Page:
So, how long do you have to serve for the crime of removing your device? Is it a crime? How many chances should a person have to demonstrate that he is willing to play by the rules society has set before we say, “Okay, you blew it, no more releases.”? Why isn’t this offense covered by three-strikes? If it is, who failed to notice? Doesn’t anyone take those things seriously? Are they actually monitored? How closely? Is that all the monitoring system is good for, to keep a record of where and when the person has been in order to get a conviction after they do something else, like kill four women?

Is this the best we can come up with to keep tabs on depraved low-lifes like these two? Why do we use devices they can cut off whenever they get tired of being watched and want to start playing their sick games again? Why don’t we use something nailed or otherwise permanently affixed to their foreheads for all to see? Okay, forget the nails, but surely modern science can come up with something, maybe something like a permanently running camera with a microphone so we can actually monitor their actions from every angle at every moment, waking or sleeping. How about if we attach the new and improved monitoring system to them so it can’t be removed without also removing one or more significant limbs? Maybe we could even include something to inflict a paralyzing shock to them if they are seen to be about to do something naughty, something to hold them until we can swoop in to haul their ass back to the pokey. You know, since we don’t want to actually lock them away forever?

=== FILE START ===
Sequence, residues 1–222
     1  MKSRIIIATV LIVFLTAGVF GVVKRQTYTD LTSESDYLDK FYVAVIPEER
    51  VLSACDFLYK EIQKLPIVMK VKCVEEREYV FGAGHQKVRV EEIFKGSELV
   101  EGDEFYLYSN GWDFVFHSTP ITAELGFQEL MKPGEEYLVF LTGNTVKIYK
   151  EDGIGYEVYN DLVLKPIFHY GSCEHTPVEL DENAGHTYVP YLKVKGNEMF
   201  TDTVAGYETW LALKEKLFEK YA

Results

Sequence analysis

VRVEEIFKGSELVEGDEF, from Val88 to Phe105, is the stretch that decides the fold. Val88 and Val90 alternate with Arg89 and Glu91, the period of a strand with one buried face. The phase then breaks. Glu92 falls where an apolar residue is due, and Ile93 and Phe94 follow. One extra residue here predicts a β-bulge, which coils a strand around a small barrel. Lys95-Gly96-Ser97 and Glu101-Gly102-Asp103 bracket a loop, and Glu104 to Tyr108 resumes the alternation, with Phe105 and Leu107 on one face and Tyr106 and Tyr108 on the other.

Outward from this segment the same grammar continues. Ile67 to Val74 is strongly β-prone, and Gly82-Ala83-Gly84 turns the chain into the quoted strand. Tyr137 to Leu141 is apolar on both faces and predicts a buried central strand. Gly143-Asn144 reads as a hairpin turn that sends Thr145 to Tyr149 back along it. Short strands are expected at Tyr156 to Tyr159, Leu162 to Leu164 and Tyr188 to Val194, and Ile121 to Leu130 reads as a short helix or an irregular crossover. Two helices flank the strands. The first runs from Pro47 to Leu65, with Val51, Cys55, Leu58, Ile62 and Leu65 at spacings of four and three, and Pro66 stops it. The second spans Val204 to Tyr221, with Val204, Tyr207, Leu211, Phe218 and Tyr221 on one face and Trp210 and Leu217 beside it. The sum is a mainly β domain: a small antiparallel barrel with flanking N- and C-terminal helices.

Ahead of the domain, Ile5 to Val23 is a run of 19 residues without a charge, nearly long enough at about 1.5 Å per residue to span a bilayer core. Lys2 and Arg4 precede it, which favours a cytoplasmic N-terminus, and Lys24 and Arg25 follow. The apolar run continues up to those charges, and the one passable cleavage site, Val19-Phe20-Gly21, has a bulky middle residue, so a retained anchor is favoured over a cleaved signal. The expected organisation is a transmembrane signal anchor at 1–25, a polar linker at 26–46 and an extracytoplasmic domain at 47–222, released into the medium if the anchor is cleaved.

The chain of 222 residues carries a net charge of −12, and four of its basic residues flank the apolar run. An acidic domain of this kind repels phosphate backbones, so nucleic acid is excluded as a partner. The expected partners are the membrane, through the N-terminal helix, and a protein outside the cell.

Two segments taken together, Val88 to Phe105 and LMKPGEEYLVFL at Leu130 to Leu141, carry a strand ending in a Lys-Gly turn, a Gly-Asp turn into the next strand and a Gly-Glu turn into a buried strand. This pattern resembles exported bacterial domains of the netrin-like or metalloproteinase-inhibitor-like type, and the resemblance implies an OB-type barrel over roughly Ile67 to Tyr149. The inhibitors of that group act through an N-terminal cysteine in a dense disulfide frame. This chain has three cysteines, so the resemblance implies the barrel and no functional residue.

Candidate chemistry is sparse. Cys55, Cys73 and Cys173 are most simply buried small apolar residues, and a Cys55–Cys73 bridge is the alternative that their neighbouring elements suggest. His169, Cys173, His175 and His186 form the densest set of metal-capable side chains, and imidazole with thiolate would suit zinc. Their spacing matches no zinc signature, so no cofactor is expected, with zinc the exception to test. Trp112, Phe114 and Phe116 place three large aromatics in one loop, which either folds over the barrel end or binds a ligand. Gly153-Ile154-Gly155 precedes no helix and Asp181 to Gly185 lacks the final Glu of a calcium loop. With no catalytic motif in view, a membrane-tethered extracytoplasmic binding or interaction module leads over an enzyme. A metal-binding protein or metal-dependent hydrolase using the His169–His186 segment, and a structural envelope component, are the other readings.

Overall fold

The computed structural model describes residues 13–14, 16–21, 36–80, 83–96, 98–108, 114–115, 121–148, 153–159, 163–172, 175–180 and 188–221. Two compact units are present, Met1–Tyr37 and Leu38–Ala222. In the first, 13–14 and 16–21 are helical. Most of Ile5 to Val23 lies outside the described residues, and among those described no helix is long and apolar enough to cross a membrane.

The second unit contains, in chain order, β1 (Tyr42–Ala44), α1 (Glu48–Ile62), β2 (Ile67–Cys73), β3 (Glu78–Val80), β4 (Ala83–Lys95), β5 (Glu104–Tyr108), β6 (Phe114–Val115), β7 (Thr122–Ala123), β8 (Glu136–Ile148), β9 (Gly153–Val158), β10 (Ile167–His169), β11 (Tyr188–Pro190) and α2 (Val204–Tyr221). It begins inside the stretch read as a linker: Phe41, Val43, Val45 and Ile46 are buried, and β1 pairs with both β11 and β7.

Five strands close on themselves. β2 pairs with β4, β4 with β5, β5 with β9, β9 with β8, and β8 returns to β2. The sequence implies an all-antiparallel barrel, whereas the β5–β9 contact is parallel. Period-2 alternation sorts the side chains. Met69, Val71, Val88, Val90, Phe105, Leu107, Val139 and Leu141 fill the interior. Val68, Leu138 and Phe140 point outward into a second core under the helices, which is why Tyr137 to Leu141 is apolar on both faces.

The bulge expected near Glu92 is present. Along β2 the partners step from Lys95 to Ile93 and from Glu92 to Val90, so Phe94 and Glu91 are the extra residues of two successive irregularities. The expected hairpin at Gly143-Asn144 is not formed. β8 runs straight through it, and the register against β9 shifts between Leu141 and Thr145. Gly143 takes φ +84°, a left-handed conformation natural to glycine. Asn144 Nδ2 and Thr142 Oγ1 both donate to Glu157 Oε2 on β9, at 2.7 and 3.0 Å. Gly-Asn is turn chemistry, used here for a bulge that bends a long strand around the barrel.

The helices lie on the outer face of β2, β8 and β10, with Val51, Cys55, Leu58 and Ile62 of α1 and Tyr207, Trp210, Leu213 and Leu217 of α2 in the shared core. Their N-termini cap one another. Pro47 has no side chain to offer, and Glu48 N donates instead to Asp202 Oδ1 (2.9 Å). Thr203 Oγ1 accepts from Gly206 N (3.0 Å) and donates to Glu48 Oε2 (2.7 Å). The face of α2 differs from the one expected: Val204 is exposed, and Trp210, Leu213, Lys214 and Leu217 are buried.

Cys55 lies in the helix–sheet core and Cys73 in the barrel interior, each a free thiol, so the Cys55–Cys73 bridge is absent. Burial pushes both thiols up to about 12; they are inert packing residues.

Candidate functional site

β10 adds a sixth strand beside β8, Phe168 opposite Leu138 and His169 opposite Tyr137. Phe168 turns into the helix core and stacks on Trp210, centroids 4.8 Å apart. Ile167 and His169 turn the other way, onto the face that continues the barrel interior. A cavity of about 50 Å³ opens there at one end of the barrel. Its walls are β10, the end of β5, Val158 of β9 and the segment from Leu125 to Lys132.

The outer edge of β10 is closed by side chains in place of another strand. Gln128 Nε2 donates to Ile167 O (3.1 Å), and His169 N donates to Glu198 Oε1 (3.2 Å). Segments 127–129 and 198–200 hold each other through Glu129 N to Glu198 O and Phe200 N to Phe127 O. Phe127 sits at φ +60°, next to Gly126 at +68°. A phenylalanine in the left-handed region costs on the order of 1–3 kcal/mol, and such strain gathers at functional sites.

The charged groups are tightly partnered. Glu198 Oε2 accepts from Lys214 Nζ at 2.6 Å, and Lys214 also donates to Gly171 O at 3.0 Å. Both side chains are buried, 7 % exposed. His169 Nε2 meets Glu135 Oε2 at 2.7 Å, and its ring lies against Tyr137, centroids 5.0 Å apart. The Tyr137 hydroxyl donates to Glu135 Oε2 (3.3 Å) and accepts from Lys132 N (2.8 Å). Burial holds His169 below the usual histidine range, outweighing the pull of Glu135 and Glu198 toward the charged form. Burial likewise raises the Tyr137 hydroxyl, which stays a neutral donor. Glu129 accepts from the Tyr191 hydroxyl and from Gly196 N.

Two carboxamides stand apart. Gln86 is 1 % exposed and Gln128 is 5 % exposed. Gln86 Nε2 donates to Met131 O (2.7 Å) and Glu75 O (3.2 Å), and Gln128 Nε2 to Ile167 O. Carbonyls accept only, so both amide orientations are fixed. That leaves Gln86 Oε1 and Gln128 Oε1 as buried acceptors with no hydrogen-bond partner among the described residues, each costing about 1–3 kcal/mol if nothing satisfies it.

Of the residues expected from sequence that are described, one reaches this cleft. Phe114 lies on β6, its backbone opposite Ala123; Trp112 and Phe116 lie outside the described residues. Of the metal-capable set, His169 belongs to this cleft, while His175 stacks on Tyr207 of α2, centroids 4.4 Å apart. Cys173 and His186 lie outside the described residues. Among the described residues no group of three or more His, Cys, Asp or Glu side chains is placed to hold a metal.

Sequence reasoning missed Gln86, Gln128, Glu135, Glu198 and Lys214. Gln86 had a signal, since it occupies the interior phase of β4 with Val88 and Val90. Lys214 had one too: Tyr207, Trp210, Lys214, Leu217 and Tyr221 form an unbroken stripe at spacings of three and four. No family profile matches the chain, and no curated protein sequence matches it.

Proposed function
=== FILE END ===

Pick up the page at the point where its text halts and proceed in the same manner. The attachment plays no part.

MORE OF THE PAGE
And, why don’t we? Oh, yeah, because they’re sick. At least some folks might say these men are sick. But some illnesses are nothing more than evil, incurable and untreatable. And, if they are sick, what about people with things like Ebola and other highly infectious and potentially deadly diseases? They’re sick, too, and they haven’t even kicked a puppy, probably very nice people, but they aren’t allowed to wander about the country with nothing more than a removable device to tell us where to find the bodies they leave in their wake—unless they cut it off. Why are sickos like Gordon and Cano, who still have the option to decide whether or not to allow their afflictions to affect other people, given such freedom? I’m a big believer in the rights our Constitution guarantees, but I don’t believe Adams, Jefferson, Madison or any of the other founders would agree that this situation is one of them.
No, I don’t believe the system is broken. But, in some cases, it is badly out of whack.

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Surge in gun sales